Up-and-coming designers and small shops are adopting the additive printing model to create designs by way of desktop printing. The machines are simple to use and about the size of a large microwave, perfect for one-offs and small runs. These consumer-friendly printers give smaller enterprises the ability to print exactly to order. This means fewer overruns or unsold stock—minimizing risk and failure in a way not possible before. Jewelers also see the immense potential of this technology. So much of the work can be done with computer-aided design (CAD) that they no longer have to take off-the-shelf parts and weld them for their prototypes. Not only is there no one hunched over a work bench, there’s much less waste. Experts see this being able to save massive amounts in material and labor costs alone.
Desktop printing gives real freedom to designers to produce a few trial units, rather than a line of thousands, and create tangible products that might have only lived as a sketch on paper.
The broadest and most ubiquitous printing technology available to garmentos (those active in the garment industry) today is 3D printing—a catchall that encompasses a wide range of processes, materials and products. 3D printing isn’t at the same scale as additive printing, but it’s still more complex than desktop printing, so fashion designers often require help from those more technologically savvy. For example, one of Holland’s leading designers began working with a design and research company to produce a collection of laser-sintered nylon heels that feel so unique they defy the word “shoe.” Another pioneer in the fashion world is working with an architect and 3D printers to create the first 3D-printed dress for a burlesque performer. The result of their fruitful collaboration is a wearable, ravishing futuristic frock—the kind you might just be able to print in a department store one day.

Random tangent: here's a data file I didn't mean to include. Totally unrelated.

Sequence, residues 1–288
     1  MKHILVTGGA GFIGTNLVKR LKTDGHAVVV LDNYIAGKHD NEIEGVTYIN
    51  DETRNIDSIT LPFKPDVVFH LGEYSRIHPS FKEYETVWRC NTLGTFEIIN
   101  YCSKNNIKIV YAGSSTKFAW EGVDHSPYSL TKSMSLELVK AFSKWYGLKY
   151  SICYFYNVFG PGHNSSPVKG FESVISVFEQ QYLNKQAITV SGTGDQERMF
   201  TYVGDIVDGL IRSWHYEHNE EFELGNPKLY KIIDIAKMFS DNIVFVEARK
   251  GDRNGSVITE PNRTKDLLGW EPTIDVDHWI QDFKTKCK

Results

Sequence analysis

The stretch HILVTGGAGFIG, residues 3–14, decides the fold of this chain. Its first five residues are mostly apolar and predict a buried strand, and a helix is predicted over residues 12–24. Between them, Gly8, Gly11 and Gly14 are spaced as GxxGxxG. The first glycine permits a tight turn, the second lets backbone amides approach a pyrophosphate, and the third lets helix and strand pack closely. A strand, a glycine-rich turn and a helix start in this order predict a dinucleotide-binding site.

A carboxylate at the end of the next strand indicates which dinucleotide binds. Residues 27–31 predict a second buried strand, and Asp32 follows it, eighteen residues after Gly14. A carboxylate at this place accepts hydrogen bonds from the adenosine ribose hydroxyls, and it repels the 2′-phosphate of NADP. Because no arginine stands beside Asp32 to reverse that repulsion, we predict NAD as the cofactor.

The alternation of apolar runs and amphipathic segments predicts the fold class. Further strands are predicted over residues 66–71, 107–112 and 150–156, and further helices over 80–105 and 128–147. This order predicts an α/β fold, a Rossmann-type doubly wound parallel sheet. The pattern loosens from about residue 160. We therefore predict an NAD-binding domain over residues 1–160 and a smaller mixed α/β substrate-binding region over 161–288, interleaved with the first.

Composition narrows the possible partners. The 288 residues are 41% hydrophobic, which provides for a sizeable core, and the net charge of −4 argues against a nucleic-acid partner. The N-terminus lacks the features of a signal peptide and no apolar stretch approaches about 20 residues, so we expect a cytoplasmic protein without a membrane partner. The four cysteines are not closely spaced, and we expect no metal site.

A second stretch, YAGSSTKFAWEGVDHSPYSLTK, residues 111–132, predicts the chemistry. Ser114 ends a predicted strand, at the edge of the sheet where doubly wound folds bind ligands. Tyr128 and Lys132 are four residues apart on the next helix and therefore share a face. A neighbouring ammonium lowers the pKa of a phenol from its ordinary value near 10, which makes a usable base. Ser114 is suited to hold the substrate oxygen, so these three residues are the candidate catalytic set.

The technology presently available to fashion designers is pushing the possibilities of creation to unheard-of heights. Whether the process adds or takes away material, whether the product is made of nylon or silver, or whether the object is a prototype or product, the result is the same: flawless designs and replicas available at the touch of a button. Hold on to your downloaded hat—the future has officially arrived.
3D printing has the potential to change the way we make almost anything.